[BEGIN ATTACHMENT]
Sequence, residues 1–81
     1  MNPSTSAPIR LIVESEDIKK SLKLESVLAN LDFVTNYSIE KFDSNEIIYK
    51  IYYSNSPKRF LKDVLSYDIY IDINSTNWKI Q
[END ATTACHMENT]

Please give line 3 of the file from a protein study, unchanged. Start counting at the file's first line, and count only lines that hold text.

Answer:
    51  IYYSNSPKRF LKDVLSYDIY IDINSTNWKI Q